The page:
• Boundary Rule 2: If the given q is < the quantile associated with the smallest cumulative rank retained by the sketch, the function will return a rank of 0.0.

Examples using normalized ranks:

• r(30) = .786 Normal rule applies: 30 <= 30 < 40, return r(q1) = .786.
Quantile[]: 10 20 20 30 30 30 40 50
Natural Rank[]: 1 3 5 7 9 11 13 14
Normalized Rank[]: .071 .214 .357 .500 .643 .786 .929 1.0
Quantile input           30
Qualifying pair           q1 q2
Rank result           .786
• r(55) = 1.0 Use Boundary Rule 1: 50 <= 55, return 1.0.
Quantile[]: 10 20 20 30 30 30 40 50 ?
Natural Rank[]: 1 3 5 7 9 11 13 14
Normalized Rank[]: .071 .214 .357 .500 .643 .786 .929 1.0
Quantile input               55
Qualifying pair               q1 (q2)
Rank result               1.0
• r(5) = 0.0 Use Boundary Rule 2: 5 < 10, return 0.0.
Quantile[]: ? 10 20 20 30 30 30 40 50
Natural Rank[]:   1 3 5 7 9 11 13 14
Normalized Rank[]:   .071 .214 .357 .500 .643 .786 .929 1.0
Quantile input 5
Qualifying pair (q1) q2
Rank result 0

### rank(quantile, EXCLUSIVE) or r(q, LT) :=Given q, return the rank, r, of the largest quantile that is strictly Less Thanq.

Implementation:

• Given q, search the quantile array until we find the adjacent pair {q1, q2} where q1 < q <= q2.
• Return the rank, r, associated with q1, the first of the pair.

Boundary Exceptions:

• Boundary Rule 1: If the given q is > the quantile associated with the largest cumulative rank retained by the sketch, the sketch will return the the largest cumulative rank, 1.0.
• Boundary Rule 2: If the given q is <= the quantile associated with the smallest cumulative rank retained by the sketch, the sketch will return a rank of 0.0.

Examples using normalized ranks:

• r(30) = .357 Normal rule applies: 20 < 30 <= 30, return r(q1) = .357.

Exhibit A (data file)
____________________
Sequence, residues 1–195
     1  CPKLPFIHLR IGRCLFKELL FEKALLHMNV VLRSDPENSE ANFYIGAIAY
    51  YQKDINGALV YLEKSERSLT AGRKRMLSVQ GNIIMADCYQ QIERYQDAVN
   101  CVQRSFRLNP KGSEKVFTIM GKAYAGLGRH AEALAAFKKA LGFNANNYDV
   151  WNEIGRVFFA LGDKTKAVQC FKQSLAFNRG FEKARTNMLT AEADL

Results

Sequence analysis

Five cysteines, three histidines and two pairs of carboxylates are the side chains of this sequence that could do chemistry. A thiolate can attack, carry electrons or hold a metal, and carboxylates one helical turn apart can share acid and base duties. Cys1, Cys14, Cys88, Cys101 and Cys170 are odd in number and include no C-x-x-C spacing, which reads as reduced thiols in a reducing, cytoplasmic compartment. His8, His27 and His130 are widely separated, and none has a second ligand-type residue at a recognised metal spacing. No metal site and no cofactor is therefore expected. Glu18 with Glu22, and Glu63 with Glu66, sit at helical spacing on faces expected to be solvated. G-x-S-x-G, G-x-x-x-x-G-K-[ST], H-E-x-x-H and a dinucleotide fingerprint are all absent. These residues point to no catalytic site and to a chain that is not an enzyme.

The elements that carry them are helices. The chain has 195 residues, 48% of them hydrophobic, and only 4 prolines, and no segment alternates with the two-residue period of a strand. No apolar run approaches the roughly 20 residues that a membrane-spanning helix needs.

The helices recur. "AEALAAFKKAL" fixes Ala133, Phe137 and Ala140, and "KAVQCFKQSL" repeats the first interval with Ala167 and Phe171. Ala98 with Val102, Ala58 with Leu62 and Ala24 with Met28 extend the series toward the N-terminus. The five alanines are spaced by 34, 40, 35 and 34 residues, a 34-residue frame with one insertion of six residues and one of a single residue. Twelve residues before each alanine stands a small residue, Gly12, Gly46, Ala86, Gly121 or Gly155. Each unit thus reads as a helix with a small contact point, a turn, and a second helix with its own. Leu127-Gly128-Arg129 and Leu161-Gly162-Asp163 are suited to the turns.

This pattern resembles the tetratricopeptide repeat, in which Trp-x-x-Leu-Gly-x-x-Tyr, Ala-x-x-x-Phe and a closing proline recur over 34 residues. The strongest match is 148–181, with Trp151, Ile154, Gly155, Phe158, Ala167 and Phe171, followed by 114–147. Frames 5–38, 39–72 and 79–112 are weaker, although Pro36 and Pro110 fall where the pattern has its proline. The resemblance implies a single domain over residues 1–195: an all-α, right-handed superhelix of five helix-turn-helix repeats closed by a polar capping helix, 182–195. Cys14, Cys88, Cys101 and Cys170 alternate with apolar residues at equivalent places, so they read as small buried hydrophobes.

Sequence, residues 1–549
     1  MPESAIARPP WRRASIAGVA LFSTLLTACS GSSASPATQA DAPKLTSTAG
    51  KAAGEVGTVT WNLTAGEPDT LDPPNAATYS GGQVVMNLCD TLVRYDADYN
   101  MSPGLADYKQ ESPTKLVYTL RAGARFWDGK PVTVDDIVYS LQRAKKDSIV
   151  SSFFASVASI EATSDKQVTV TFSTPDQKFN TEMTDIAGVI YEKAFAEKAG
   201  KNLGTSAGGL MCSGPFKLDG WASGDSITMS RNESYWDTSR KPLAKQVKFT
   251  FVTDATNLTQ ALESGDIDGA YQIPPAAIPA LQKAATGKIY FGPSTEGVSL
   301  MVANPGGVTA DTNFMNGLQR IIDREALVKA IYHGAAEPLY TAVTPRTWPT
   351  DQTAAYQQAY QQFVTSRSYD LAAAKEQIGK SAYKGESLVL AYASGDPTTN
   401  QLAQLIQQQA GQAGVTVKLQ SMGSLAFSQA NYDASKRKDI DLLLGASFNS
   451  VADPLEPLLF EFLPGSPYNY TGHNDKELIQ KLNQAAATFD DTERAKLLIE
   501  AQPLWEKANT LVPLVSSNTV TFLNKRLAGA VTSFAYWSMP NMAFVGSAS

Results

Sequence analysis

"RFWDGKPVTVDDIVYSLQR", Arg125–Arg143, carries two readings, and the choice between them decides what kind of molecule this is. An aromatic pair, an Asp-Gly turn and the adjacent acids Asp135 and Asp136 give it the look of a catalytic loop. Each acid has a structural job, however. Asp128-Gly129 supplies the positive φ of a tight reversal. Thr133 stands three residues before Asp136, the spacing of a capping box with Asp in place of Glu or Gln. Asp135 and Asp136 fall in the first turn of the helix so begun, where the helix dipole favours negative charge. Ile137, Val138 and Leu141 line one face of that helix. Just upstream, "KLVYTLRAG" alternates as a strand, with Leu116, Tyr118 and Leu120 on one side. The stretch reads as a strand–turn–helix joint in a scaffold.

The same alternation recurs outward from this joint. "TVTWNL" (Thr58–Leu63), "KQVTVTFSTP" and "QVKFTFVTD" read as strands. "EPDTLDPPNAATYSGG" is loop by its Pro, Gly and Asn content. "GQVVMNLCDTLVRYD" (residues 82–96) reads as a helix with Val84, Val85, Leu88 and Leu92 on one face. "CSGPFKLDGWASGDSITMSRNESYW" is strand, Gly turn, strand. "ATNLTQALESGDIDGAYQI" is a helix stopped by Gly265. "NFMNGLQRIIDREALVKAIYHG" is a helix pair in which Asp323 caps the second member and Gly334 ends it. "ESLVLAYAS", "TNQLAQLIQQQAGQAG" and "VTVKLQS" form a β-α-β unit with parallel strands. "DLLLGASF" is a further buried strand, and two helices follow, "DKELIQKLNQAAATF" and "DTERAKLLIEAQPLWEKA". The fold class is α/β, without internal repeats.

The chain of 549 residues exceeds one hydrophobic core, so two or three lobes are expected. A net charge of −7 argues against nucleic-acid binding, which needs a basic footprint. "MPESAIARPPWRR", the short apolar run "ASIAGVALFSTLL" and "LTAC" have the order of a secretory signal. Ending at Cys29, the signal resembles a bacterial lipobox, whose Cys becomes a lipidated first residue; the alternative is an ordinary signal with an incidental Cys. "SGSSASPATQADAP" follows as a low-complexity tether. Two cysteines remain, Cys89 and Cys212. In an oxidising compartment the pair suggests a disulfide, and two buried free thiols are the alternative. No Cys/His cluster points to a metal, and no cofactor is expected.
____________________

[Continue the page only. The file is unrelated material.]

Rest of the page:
Quantile[]: 10 20 20 30 30 30 40 50
Natural Rank[]: 1 3 5 7 9 11 13 14
Normalized Rank[]: .071 .214 .357 .500 .643 .786 .929 1.000
Quantile input       30
Qualifying pair     q1 q2
Rank result     .357
• r(55) = 1.0 Use Boundary Rule 1: 50 < 55, return 1.0.
Quantile[]: 10 20 20 30 30 30 40 50 ?
Natural Rank[]: 1 3 5 7 9 11 13 14
Normalized Rank[]: .071 .214 .357 .500 .643 .786 .929 1.0
Quantile input                 55
Qualifying pair               q1 (q2)
Rank result               1.000
• r(5) = 0.0 Use Boundary Rule 2: 5 <= 10, return 0.
Quantile[]: ? 10 20 20 30 30 30 40 50
Natural Rank[]:   1 3 5 7 9 11 13 14
Normalized Rank[]:   .071 .214 .357 .500 .643 .786 .929 1.0
Quantile input 5
Qualifying pair (q1) q2
Rank result 0

## The quantile functions with inequalities

### quantile(rank, INCLUSIVE) or q(r, GE) :=Given r, return the quantile, q, of the smallest rank that is strictly Greater than or Equal to r.

Implementation:

• Given r, search the rank array until we find the adjacent pair {r1, r2} where r1 < r <= r2.
• Return the quantile, q, associated with r2, the second of the pair.

Boundary Exceptions:

• Boundary Rule 2: If the given normalized rank, r, is <= the smallest rank, the function will return the quantile associated with the smallest cumulative rank.

Examples using normalized ranks:

• q(.786) = 30 Normal rule applies: .643 < .786 <= .786, return q(r2) = 30.
Quantile[]: 10 20 20 30 30 30 40 50
Natural Rank[]: 1 3 5 7 9 11 13 14
Normalized Rank[]: .071 .214 .357 .500 .643 .786 .929 1.000
Rank input           .786
Qualifying pair         r1 r2
Quantile result           30
• q(1.0) = 50 Normal rule applies: .929 < 1.0 <= 1.0, return q(r2) = 50.
Quantile[]: 10 20 20 30 30 30 40 50
Natural Rank[]: 1 3 5 7 9 11 13 14
Normalized Rank[]: .071 .214 .357 .500 .643 .786 .929 1.0
Rank input               1.0
Qualifying pair             r1 r2
Quantile result               50
• q(0.0 <= .071) = 10 Use Boundary Rule 2: 0.0 <= .071, return 10.
Quantile[]: ? 10 20 20 30 30 30 40 50
Natural Rank[]:   1 3 5 7 9 11 13 14
Normalized Rank[]:   .071 .214 .357 .500 .643 .786 .929 1.0
Rank input 0.0